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Editorial |

Thyroid-Associated Periorbitopathy:  Of Mountains, Measurements, and Levels of Evidence

Geoffrey E. Rose, MS. DSc, FRCS, FRCOphth
Arch Ophthalmol. 2012;130(3):378-379. doi:10.1001/archopthalmol.2011.1883.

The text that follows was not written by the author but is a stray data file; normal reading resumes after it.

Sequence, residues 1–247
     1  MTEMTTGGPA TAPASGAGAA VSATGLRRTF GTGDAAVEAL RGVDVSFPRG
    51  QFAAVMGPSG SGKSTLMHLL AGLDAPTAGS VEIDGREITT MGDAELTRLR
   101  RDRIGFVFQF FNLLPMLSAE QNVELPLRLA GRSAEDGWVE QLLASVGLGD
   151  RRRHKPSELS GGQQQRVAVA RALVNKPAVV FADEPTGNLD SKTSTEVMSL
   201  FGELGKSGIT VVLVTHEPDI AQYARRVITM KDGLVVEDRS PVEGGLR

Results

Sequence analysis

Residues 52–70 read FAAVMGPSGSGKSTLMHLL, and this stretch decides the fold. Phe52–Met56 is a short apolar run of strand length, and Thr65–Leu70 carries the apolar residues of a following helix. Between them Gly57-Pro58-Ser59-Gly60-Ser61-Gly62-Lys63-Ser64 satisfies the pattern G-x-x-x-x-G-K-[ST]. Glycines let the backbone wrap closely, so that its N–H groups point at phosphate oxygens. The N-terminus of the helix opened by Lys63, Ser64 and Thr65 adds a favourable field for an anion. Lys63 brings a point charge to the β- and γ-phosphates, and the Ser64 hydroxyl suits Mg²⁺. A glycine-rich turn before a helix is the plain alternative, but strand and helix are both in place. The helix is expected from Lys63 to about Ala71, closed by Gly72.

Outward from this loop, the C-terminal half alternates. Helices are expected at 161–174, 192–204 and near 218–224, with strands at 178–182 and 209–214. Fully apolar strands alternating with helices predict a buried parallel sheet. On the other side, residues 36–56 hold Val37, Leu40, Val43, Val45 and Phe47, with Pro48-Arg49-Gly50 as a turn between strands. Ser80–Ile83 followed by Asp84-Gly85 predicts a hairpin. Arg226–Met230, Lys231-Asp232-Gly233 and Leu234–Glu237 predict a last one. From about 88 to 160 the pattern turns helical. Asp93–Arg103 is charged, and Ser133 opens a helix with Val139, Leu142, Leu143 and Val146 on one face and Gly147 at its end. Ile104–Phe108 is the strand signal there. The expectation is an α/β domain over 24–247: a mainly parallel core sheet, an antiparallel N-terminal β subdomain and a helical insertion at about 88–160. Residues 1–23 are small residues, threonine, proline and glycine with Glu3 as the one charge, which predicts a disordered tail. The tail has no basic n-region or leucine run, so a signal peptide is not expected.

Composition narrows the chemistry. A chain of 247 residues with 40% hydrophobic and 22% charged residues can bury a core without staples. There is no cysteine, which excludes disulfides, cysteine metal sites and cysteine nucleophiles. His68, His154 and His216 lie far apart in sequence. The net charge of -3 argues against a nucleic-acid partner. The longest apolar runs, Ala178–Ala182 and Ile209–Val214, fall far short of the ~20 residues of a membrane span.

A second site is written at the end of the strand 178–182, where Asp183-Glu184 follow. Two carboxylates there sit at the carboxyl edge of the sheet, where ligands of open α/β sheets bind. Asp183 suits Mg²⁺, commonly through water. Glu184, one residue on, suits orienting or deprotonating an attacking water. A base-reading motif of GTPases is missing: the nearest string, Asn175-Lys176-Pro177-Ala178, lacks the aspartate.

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On being asked why he wanted to climb Mount Everest, the famous mountaineer George Mallory replied, “Because it's there!” Higher primates seem to have an innate curiosity about their surrounding world, mankind having honed this quest for knowledge into the discipline of scientific investigation. In many cases, the enquiring and scientific mind would appear to be climbing mountains just because they are there, leading to the investigation or publication of studies without obvious value. However, the logical acquisition of knowledge and comprehension is a stepwise process, whereby scientific observation moves the subject from absolute uncertainty (no knowledge or understanding), to accurate observation with a rudimentary understanding (as with Medieval astronomy or medical case reports), to modification of early and sometimes incorrect conjecture to sound hypothesis based on greater levels of evidence (as with Johannes Kepler's observations on planetary motion or medical case series), and finally to observational evidence or formal logic that shifts a hypothesis toward absolute certainty; whether the latter state is possible remains debatable.

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